Andrea Ossoinack

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Andrea Ossoinack (1876-1965) was a businessman and politician who became notable in the process of creating the Free State of Fiume.

Biography[edit]

Andrea Ossoinack was the son of Luigi Ossoinack, one of the foremost businessmen in Fiume. He studied economics in England, and then spent time at his father's company branch office in London.

After initially helping Riccardo Zanella and his Autonomist Association, Ossoinack later founded the Autonomist League (Lega autonoma) with the Hungarian loyalist grouping.

In 1916 he was nominated (rather than elected) as the deputy from Fiume in the Hungarian Parliament. On 18 October 1918, at the end of the First World War, Ossoinack claimed the right of self-determination for Fiume in the Hungarian parliament. In this capacity he was also allowed to represent Fiume at the Paris Peace Conference, 1919 on 3 March 1919, being presented as the "last deputy of Fiume at the Hungarian Parliament".

Ossoinack was a local entrepreneur with business and political contacts. He financed all the political organisation of Fiume including the autonomists of Maylender and Zanella. He spoke several languages and, having studied economics in London, was fluent in English.

Ossoinack came to the Conference with a Memorandum from the CNI expressing views similar to those presented in Budapest. The document begins with the statement that a profoundly unjust political system (the Habsburg Monarchy) founded on the principle of divide et impera had finally broken up, leading to the formation of several new states, including Fiume. It was stated that, "The State of Fiume is a living fact: none can deny it, as none can deny existence of a Hungary or of a Yugoslavia. Fiume exercises all the functions of State; this has been communicated to the governments of Europe and America; it freely develops all the functions of administration". On this basis a sovereign political body, a functioning state, had the right to be annexed to Italy, since this was the will of the majority of the population.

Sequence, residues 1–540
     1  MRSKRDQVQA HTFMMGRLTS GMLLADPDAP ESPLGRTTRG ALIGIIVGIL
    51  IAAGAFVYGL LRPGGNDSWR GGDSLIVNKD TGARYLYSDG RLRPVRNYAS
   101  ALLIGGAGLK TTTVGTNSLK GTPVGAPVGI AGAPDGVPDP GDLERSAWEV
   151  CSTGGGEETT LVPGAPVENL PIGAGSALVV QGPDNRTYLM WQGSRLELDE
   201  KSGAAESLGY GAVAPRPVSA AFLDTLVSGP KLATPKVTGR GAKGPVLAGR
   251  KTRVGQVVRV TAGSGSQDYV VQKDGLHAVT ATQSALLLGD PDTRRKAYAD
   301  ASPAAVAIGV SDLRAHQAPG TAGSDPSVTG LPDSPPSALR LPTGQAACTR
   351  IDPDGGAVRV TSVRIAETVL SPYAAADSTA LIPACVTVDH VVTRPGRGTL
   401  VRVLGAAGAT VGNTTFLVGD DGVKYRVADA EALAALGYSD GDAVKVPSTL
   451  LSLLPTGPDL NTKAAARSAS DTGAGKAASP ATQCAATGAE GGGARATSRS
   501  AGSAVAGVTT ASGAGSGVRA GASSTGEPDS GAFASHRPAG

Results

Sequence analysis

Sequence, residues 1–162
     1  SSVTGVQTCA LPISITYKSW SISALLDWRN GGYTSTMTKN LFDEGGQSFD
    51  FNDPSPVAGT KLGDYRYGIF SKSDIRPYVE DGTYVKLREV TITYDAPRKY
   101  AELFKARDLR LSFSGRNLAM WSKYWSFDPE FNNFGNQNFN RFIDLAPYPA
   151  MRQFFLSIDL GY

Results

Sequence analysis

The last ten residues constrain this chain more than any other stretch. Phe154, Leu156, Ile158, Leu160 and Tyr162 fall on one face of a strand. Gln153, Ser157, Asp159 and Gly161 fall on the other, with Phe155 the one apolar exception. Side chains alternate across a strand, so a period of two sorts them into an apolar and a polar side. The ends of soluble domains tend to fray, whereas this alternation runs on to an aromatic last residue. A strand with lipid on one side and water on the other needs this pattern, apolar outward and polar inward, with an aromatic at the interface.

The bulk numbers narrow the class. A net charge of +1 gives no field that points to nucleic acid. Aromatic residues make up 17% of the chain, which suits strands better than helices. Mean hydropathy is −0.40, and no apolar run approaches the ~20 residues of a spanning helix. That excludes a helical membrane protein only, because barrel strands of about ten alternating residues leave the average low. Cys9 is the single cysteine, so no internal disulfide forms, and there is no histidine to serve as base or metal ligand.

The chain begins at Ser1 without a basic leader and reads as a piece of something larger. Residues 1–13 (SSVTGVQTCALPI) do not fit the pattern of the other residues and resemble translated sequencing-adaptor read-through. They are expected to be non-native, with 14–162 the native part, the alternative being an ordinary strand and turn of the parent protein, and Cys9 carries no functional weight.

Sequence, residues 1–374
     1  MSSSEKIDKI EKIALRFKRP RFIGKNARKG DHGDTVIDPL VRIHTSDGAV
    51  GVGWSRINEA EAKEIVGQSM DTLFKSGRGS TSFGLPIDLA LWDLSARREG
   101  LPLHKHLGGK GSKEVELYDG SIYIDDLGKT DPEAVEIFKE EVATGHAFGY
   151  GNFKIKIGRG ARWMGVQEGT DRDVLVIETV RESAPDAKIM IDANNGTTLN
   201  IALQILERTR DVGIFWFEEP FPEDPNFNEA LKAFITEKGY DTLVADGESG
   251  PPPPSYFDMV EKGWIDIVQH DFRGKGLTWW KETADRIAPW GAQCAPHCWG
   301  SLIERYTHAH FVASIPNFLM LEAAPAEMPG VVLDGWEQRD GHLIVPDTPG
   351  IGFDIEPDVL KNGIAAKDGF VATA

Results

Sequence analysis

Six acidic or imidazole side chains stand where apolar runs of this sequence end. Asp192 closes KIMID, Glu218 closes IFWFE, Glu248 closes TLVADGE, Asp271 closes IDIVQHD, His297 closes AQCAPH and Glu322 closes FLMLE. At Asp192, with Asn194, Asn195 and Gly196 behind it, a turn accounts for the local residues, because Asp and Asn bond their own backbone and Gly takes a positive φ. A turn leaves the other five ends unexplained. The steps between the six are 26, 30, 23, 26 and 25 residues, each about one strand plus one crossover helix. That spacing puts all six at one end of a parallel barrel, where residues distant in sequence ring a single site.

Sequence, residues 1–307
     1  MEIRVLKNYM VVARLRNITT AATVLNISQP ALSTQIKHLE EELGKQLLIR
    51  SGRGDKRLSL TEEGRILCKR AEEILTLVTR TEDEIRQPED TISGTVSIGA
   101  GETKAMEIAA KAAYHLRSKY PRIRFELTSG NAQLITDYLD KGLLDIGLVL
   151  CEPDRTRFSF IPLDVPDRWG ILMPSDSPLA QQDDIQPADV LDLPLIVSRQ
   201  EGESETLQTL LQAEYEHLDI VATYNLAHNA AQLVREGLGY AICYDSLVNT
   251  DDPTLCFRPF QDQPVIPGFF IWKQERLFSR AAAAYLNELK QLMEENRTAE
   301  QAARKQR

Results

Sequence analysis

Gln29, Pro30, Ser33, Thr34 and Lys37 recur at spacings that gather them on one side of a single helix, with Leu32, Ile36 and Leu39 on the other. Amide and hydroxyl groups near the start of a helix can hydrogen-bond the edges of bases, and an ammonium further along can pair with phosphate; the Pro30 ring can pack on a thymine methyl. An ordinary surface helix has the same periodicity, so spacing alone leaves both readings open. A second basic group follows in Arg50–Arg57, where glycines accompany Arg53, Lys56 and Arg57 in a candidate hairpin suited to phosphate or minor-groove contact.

Ossoinack met with United States President Woodrow Wilson on 4 April 1919, a day after the meeting of the Council of Four where Wilson resolutely opposed Italian claims to Fiume. Wilson added also new requirements: self-determination in the eastern Adriatic area to produce economically viable outcomes. Ossoinack produced an economic-based argument for the annexation of Fiume to Italy, attempting to show that annexation was the best economic solution for Fiume. Openly he proclaimed that the free port was economically non-viable: he said it could have been made competitive only with lower operating costs. This was not the case; the port of Fiume prospered only because it was generously subsidised by the Hungarian government and this would end if it gained independence. Fiume needed a state prepared to invest in the city economy concerning the port. In his reply to Ossoinack, Wilson proposed that Fiume had to be proclaimed a Free State, as a new solution.

When the British delegate Balfour refused the project of annexing Fiume, the Italian delegation of Orlando and Sonnino left the conference in protest on 24 April 1919.

References[edit]

  • Ossoinack, Andrea. Perché Fiume dev’essere italiana, Fiume, 1919.
  • Ossoinack, Andrea. Perché Fiume deve essere Porto Franco, Fiume, 1922.